Tuesday, July 8, 2014

"Jesus and the Eyewitnesses": Blogging Through Bauckham - Chapters 18

"Jesus and the Eyewitnesses": Blogging Through Bauckham - Chapter 1
"Jesus and the Eyewitnesses": Blogging Through Bauckham - Chapter 2
"Jesus and the Eyewitnesses": Blogging Through Bauckham - Chapter 3
"Jesus and the Eyewitnesses": Blogging Through Bauckham - Chapters 4-5
"Jesus and the Eyewitnesses": Blogging Through Bauckham - Chapter 6
"Jesus and the Eyewitnesses": Blogging Through Bauckham - Chapter 7
"Jesus and the Eyewitnesses": Blogging Through Bauckham - Chapter 8
"Jesus and the Eyewitnesses": Blogging Through Bauckham - Chapter 9
"Jesus and the Eyewitnesses": Blogging Through Bauckham - Chapter 10-11
"Jesus and the Eyewitnesses": Blogging Through Bauckham - Chapter 12
"Jesus and the Eyewitnesses": Blogging Through Bauckham - Chapter 13
"Jesus and the Eyewitnesses": Blogging Through Bauckham - Chapter 14
"Jesus and the Eyewitnesses": Blogging Through Bauckham - Chapters 15
"Jesus and the Eyewitnesses": Blogging Through Bauckham - Chapters 16
"Jesus and the Eyewitnesses": Blogging Through Bauckham - Chapters 17
"Jesus and the Eyewitnesses": Blogging Through Bauckham - Chapters 18


We have come finally to the last and final chapter of Dr. Richard Bauckham's important work Jesus and the Eyewitnesses. In this last chapter, Bauckham moves from historography to epistemology. Can we trust testimony in general and the Jesus of testimony in particular?

He begins with summarizing his argument thus far:
The historical task of this book is now complete. We have argued that the Gospels put us in close touch with the eyewitnesses of the history of Jesus. The gospel writers, in their different ways, present their Gospels as based on and incorporating the testimony of the eyewitnesses. The literary and theological strategies of these writers are not directed to superseding the testimony of the eyewitnesses but to giving it a permanent literary vehicle. In one case, we have argued, an eyewitness has authored his own Gospel, and it is notable that precisely this Gospel, John's, is the one that incorporates the most extensive reflection on the significance of the eyewitness testimony. There is no epistemological chasm between the eyewitness testimony and the theological significance of the events as this author develops it. Not being eyewitnesses themselves, the other gospel writers are less theologically ambitious. Of course, the writing of a Gospel was significantly an interpretative act in a variety of ways (the selection and arrangement of testimony in a unified narrative are themselves interpretative and were entirely unavoidable in the writing of a Gospel). But the interpretative act of writing a Gospel intended continuity with the testimony of the eyewitnesses who, of course, had already interpreted, who could not but have combined in their accounts the empirically observable with the perceived significance of the events. They were not just reminiscing but telling stories of significance. The Jesus the Gospels portray is Jesus as these eyewitnesses portrayed him, the Jesus of testimony. (472)
But is testimony trustworthy? In short, Bauckham answer is yes. For one, we trust testimony every day. There is no reason to distrust testimony because it is simply testimony. Furthermore, we should note that the ancient historians, including the Gospel writers, were not easily duped when it came to testimony. Bauckham shows here that ancient historians preferred eyewitnesses testimony over second or third-hand accounts. Although modern historians rely heavily on archeology, even it cannot replace the importance of testimony.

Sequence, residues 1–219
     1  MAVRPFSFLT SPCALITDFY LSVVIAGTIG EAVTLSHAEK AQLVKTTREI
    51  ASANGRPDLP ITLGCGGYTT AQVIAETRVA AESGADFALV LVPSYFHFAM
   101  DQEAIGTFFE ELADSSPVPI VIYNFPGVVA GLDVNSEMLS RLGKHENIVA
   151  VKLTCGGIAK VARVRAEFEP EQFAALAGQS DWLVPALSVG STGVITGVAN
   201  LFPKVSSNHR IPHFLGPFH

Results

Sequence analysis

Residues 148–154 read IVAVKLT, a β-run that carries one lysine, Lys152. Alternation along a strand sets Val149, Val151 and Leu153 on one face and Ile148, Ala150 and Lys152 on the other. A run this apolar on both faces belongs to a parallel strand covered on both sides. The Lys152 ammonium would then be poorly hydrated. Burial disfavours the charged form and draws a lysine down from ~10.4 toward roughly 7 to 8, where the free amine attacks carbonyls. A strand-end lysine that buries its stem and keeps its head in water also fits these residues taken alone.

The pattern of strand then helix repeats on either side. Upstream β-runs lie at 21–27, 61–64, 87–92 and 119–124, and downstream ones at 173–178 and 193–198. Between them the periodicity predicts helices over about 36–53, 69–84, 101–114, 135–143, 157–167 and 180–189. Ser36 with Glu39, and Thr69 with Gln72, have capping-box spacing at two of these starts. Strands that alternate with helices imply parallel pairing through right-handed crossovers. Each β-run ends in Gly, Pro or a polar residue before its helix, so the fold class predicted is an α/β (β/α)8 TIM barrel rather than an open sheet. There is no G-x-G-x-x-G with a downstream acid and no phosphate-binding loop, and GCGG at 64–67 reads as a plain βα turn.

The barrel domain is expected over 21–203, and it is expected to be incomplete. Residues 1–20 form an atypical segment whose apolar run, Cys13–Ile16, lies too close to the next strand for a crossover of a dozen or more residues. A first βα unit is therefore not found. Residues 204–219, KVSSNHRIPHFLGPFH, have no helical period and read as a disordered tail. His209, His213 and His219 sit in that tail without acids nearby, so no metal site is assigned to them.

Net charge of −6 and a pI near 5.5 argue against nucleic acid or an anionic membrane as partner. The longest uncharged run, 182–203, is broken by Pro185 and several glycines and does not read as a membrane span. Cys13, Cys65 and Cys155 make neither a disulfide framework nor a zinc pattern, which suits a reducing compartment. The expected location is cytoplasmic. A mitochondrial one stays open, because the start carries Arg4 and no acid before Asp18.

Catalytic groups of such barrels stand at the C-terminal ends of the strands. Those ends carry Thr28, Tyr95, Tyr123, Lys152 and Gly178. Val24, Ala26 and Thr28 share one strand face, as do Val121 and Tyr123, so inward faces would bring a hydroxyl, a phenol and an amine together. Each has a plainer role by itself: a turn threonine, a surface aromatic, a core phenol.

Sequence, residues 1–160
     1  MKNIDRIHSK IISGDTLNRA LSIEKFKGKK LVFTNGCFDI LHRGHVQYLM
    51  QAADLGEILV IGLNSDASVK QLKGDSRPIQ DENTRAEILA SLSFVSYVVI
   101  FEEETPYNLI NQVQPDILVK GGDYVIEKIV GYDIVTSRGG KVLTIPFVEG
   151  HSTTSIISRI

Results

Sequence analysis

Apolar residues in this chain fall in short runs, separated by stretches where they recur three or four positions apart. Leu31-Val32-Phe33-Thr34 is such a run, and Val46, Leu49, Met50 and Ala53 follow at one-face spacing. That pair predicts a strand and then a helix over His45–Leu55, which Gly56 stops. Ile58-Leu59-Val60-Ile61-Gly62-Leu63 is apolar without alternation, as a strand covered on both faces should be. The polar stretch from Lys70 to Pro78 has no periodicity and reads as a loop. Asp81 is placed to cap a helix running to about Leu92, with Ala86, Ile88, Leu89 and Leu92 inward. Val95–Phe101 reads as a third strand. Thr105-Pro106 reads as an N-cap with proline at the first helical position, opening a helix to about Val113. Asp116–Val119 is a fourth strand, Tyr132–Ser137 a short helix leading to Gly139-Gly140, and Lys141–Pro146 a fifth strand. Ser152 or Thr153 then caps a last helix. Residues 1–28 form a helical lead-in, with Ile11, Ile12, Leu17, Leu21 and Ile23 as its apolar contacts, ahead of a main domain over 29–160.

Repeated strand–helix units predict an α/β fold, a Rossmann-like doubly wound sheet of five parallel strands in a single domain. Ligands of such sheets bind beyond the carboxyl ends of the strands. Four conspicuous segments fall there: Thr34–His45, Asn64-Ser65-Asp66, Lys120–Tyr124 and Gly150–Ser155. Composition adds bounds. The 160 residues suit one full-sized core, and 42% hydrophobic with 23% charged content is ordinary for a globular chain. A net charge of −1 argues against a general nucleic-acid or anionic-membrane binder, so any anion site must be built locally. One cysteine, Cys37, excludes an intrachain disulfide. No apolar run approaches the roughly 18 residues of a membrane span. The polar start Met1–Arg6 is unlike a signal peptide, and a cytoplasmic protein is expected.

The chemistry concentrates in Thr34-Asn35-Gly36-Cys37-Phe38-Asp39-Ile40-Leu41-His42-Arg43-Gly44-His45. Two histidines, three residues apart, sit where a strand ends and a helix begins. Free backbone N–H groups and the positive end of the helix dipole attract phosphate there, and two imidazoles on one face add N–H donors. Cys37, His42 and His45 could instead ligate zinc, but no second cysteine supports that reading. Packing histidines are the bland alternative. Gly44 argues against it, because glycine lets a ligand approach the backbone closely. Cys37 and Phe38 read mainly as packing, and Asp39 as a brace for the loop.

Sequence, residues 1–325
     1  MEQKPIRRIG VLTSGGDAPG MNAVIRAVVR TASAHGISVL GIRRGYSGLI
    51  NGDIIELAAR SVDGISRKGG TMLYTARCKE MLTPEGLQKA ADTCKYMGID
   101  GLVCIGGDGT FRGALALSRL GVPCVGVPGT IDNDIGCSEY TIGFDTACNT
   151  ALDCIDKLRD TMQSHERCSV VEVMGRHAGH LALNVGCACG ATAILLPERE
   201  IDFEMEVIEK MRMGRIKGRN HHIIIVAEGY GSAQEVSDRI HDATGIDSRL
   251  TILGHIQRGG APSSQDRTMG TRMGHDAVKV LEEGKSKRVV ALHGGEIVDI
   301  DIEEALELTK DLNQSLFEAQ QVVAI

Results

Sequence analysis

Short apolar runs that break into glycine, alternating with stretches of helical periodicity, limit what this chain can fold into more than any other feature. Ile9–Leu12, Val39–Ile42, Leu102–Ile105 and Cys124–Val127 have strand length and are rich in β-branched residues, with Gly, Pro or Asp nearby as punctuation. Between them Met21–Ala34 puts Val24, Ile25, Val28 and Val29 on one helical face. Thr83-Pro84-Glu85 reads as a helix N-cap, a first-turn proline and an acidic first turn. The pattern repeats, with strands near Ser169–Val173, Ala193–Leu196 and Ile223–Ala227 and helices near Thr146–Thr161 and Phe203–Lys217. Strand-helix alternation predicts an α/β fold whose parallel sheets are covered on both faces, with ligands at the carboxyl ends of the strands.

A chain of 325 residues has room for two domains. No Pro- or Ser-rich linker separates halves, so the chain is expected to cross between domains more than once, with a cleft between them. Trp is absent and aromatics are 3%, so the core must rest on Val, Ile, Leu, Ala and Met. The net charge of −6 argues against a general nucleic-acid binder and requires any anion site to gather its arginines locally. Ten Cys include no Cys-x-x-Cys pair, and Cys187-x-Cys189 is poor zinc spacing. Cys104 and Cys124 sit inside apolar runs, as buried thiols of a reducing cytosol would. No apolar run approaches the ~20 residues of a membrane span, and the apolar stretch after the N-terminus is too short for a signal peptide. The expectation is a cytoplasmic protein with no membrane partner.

This is all to say that the Gospels can be trusted contrary to what many modern scholars suggests. The number of quests for the historic Jesus have famously bifurcated the Jesus of history from the Christ of Scripture unnecessarily. The writers, and the testimonies they record, are reliable.

Ultimately, this final chapter is the most difficult to follow. It would seem to digest its contents would require a degree in epistemology, something I do not have. Nevertheless, here is how Bauckham concludes the book:
In summary, if the interests of Christian faith and theology in the Jesus who really lived are to recognize the disclosure of God in this history of Jesus, then testimony is the theologically appropriate, indeed the theologically necessary way of access to the history of Jesus, just as testimony is also the historically appropriate, indeed the historically necessary way of access to this “uniquely unique” historical event. It is in the Jesus of testimony that history and theology meet. (508)

For more:
"The Historical Jesus": A Lecture by Ben Witherington
"The Story of Jesus" Documentary
We've All Heard This Before: "Zealot" and the Same Search For the Missing Jesus  
12 Proofs of Jesus' Deity From the Synoptic Gospels
Ravi Zacharias' 12 Arguments For the Historicity of the Resurrection
"The Case For Christianity" Documentaries
"Raised With Christ" by Adrian Warnock: A Review
NT Wright: Did Jesus Really Rise From the Dead?
"The Jesus Inquest" by Charles Foster: A Review
"The Case for Easter"
"The Case For the Real Jesus" by Lee Strobel
"The Case For Christianity" Documentaries
The Quest For the Historical Satan: The Entire Series
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